In this context, business concerns are affiliates if when one controls or has the power to control the other, or a third party or parties controls or has the power to control both (regardless of whether or not the control is actually exercised). The regulations supplement this general definition with numerous more specific rules, each of which essentially shuts down a potential strategy that might otherwise be used to avoid a finding of affiliation. Under these more focused rules, affiliation may be found on the basis of: (i) stock ownership; (ii) stock options, convertible securities, and agreements to merge; (iii) common management; (iv) identity of interest; (v) participation in joint ventures; and (vi) franchise and license agreements. Affiliation may also be found where a newly organized concern is established by key employees from another company to operate in the same or related industry and the other company furnishes contracts, financial or technical assistance, or the like. Once established, a business can be held affiliated to an “ostensible subcontractor” that performs primary and vital requirements or on which the putative small business is unusually reliant. If this were not enough, the applicable regulations include a catch-all: affiliation may be found based on the totality of the circumstances even if no single regulatory factor is sufficient.
Does the Business Qualify as the Specific Type of Business You Want It to Be?
The federal government supplements its general small business set-aside opportunities with a number of more focused small business set-aside programs. While each of these programs imposes somewhat different eligibility requirements, those based the socioeconomic status of individual business owners share a common, fundamental approach: the individual(s) on whose socioeconomic status the business relies must not only have majority ownership of the business, but also effective control.
For example, a service-disabled veteran must both own and control a service disabled veteran-owned small business (SDVOSB). This means that the service disabled veteran must unconditionally own 51% of the SDVOSB, control and manage its daily operations, and hold the highest officer position in the company. Similarly, in the case of a woman-owned business, one or more women must unconditionally and directly own at least 51% of the concern and control both the long-term decision making and the day-to-day management and administration of the business operations.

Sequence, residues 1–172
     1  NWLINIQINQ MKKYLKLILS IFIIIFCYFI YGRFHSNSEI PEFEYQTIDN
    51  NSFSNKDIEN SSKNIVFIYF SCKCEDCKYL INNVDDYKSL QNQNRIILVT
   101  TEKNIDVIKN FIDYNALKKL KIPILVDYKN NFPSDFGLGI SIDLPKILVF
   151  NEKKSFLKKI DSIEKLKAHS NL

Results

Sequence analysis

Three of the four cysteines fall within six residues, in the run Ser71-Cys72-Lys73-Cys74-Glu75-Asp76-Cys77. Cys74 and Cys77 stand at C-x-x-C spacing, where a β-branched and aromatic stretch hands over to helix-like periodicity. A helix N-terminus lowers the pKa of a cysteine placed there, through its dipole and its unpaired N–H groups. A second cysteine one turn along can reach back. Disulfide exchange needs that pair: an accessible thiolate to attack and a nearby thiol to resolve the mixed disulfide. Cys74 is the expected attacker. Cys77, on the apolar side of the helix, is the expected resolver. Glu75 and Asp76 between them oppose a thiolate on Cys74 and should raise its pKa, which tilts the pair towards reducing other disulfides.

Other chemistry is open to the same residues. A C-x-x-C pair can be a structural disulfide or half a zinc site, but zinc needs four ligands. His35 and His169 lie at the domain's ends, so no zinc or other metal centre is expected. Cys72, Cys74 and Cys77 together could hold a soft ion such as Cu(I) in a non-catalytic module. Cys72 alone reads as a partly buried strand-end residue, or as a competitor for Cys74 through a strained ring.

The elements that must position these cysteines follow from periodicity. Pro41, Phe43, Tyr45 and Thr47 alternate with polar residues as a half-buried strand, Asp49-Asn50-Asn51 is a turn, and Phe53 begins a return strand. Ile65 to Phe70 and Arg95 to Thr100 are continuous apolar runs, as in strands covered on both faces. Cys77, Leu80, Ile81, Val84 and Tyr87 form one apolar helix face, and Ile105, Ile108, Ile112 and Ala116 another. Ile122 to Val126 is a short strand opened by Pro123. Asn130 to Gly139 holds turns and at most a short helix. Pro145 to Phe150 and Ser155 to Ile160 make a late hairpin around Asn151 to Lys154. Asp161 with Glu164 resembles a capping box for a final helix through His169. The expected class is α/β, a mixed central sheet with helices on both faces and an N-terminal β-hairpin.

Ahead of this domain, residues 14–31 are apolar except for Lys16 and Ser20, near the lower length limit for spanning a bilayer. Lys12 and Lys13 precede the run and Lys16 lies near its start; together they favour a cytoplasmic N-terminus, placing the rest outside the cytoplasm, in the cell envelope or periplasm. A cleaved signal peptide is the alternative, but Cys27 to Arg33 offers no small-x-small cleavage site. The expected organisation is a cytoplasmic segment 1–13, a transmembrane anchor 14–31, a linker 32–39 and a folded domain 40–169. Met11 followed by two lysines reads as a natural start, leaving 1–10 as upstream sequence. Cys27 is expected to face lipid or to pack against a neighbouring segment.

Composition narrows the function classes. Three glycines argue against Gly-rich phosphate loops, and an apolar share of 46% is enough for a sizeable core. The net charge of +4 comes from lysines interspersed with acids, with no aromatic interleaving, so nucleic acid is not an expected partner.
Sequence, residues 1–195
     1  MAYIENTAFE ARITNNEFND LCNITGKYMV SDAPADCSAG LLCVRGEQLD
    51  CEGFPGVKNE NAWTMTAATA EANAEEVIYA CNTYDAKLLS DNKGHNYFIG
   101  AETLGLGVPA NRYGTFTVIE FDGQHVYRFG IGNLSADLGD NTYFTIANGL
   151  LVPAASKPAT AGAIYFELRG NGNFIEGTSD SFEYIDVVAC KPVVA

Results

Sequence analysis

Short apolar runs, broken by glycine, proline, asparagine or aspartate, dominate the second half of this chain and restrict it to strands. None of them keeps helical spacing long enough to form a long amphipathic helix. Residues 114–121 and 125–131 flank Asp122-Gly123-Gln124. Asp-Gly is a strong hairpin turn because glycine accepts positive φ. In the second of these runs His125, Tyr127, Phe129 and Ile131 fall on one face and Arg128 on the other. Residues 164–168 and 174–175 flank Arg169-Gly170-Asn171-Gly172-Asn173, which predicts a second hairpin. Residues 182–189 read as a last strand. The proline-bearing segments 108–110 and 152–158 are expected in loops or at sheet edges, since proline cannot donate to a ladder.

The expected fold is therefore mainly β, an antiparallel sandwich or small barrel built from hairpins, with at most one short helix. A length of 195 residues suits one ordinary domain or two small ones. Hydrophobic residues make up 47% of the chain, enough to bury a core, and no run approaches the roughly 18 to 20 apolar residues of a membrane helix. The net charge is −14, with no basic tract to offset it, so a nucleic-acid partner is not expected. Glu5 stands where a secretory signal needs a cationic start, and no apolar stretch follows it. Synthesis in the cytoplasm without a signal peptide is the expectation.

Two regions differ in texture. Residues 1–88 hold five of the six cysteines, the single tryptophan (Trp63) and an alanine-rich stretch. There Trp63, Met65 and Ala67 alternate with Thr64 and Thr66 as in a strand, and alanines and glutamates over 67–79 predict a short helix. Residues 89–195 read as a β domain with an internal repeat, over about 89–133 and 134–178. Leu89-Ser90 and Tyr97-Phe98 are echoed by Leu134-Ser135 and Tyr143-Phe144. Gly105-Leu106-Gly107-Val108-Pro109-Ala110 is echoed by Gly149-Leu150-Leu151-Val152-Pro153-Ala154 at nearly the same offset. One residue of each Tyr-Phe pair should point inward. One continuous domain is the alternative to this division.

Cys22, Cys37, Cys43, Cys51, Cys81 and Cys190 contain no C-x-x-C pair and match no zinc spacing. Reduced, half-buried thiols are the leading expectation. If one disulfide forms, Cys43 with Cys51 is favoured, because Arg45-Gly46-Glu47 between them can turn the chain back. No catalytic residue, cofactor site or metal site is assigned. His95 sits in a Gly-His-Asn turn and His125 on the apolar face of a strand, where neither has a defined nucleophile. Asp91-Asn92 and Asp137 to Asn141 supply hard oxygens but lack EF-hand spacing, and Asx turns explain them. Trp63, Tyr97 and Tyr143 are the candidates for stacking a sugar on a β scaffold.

Whether or not a particular business meets the eligibility requirements will depend in part on the details of how its organizing documents address the specifics of ownership and control – and other applicable set aside program rules. What may be a best practice in other contexts could render a small business ineligible for certain types of set-aside awards.
In order to effectively answer both these questions, start-up owners must identify all the applicable requirements and work to address them in the planning and drafting phase. Waiting until after the business is up and running will often require a significant investment of time and effort to modify the by-laws or operating agreement. In some cases, owners may need to dissolve their first company and start over in an attempt to achieve compliance – and in a few cases, such compliance may ultimately prove impossible. It is far better to engage an experienced attorney to help analyze and address government contracts small business issues up front.
As published in Law Week Colorado, June 19, 2017.
Eric Whytsell is responsible for the contents of this Article.